The fifth anual SGP Community Day, held in Cincinnati, included in-depth discussions on a wide range of issues that the print and retail industries are facing, specifically with respect to the circular economy, green procurement and recycling.
For the cosmetics and personal industry, printing plays a large part in the production of packaging, both for labeling and for the design of secondary packaging.
Sustainability is make or break
With the sustainability and green characteristics of finished products increasingly coming under the spotlight, every element of packaging is coming under scrutiny as this is often seen as having a high impact on the sustainability profile of an end product.
"Working towards a sustainable future is a clear choice for the printing industry - you're either on the 'train' that's moving forward, or you're left behind. Sustainability is not a fad. It's here to stay,” said Jodi Sawyer, chair of SGP board and market development manager at FLEXcon.
“It's addressing your people, your processes and your products. SGP certification fosters a continuous improvement journey toward a sustainable future and provides that needed validation. SGP certification has gone from an achievement to a business-critical certification."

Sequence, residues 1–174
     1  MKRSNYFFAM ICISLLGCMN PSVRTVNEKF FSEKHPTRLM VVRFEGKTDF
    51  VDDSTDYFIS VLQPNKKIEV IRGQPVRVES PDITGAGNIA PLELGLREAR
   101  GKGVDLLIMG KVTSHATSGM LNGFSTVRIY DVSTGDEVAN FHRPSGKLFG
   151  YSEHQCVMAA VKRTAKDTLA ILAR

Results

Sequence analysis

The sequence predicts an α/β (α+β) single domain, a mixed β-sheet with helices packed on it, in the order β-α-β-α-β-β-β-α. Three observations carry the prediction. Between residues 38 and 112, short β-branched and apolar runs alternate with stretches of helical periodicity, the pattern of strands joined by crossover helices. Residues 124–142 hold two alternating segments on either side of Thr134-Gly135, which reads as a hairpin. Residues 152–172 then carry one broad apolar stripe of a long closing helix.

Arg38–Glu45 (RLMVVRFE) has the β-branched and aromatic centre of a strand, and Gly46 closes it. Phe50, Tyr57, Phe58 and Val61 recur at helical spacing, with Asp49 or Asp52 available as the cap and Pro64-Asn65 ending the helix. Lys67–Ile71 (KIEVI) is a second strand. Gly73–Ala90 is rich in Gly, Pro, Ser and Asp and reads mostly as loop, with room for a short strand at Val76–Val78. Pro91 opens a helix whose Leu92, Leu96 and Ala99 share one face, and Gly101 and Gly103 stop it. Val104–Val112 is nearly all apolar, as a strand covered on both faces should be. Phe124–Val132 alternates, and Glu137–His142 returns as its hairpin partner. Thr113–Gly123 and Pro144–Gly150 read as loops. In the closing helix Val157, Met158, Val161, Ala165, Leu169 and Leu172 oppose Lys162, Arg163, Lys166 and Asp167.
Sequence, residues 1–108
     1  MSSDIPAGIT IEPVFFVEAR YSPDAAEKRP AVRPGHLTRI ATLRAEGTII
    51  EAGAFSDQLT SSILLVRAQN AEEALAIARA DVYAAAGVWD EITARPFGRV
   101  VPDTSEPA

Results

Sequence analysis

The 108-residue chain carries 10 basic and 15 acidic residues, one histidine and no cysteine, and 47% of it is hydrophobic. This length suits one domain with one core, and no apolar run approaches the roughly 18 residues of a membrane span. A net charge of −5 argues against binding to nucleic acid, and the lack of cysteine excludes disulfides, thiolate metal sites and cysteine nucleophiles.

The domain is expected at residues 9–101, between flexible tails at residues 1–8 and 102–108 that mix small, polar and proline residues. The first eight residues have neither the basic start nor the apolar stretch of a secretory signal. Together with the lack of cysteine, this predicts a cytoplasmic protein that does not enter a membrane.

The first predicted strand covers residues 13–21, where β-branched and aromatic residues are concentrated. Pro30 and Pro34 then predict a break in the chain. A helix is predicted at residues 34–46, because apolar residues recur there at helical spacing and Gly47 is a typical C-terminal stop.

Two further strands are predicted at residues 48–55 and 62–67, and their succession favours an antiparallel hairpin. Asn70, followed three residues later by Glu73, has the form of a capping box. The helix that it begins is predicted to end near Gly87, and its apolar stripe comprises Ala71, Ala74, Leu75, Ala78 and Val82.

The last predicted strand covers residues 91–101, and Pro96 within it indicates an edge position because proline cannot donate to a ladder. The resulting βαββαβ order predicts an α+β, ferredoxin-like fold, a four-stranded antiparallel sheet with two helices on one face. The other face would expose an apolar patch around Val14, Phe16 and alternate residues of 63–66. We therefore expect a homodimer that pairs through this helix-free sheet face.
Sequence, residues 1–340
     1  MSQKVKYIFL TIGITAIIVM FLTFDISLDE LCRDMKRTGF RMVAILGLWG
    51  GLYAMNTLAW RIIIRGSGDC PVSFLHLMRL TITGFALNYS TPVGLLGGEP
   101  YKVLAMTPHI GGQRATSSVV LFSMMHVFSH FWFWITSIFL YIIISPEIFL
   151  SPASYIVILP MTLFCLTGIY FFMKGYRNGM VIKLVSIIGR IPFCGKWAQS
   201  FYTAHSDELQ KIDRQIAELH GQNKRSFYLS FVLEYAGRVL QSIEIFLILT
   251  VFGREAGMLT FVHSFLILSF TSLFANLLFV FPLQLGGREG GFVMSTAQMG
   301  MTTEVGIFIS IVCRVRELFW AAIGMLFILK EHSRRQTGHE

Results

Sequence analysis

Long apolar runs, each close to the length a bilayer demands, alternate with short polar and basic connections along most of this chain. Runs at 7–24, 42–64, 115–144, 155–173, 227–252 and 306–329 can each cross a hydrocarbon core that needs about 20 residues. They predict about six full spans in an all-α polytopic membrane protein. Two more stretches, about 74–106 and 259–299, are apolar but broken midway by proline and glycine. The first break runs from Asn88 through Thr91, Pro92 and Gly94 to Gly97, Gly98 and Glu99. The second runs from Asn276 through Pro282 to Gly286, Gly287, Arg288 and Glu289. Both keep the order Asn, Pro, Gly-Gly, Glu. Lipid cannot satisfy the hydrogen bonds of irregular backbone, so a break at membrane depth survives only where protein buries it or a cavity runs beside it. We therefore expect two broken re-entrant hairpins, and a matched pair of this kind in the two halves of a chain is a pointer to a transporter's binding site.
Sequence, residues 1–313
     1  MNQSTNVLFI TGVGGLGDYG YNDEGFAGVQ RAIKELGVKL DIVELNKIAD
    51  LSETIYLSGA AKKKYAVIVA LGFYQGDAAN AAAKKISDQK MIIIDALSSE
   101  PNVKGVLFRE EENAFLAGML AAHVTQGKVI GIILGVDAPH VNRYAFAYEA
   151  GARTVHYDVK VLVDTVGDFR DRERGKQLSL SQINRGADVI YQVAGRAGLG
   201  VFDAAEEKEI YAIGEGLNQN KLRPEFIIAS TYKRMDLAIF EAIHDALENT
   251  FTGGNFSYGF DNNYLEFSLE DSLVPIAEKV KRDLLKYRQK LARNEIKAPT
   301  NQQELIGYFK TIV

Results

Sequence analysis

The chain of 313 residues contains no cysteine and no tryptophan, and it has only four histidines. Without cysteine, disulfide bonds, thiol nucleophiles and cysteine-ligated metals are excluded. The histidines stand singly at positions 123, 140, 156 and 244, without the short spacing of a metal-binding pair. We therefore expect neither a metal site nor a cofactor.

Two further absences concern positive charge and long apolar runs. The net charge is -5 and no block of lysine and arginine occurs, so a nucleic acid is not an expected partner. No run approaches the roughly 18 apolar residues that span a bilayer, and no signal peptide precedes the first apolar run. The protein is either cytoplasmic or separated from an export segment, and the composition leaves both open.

Certification is key
Outlining its plan to help printing players attain higher levels of sustainability, the organization says that becoming certified is key, as it helps set the specifics goals needed to acheive more efficient process that have less impact on the environment.
SGP Certification includes an Impact Tracker that provides specific metrics to put print printers on the level with other suppliers that have fulfilled the requirements, not just comparing printing equipment.
The solutions also include recycling, resue of print materials, as well as indoor air quality, with all of the data being compared to other players in the supply chain to ensure the goals are realistic, but effective.
The SGP community also provides leadership in all areas of sustainability, SGP printers, brand leaders, patrons and resource partners and other key players, in an effort to drive the sustainability and recycling initiatives.
‘Heart and engine of sustainability’
In a key note presentation given during the meeting, Ryan Mooney-Bullock, director of Cincinnati’s Green Umbrella Sustainability Alliance, referred to building and a community that included group interaction to develop the right goals.
"Green Umbrella facilitates collaboration among more than 200 area non-profits, businesses, educational institutions and governmental entities focused on the environmental aspects of sustainability. With our members, we aim to meet the environmental, social, and economic needs of today while preserving the ability of future generations to do the same," said Mooney-Bullock.
"The success we have of building a community with 100s of organizations and individuals is based on the Collective Impact Model - a common agenda, shared measurement, collective responsibility, constant communication and a professional staff."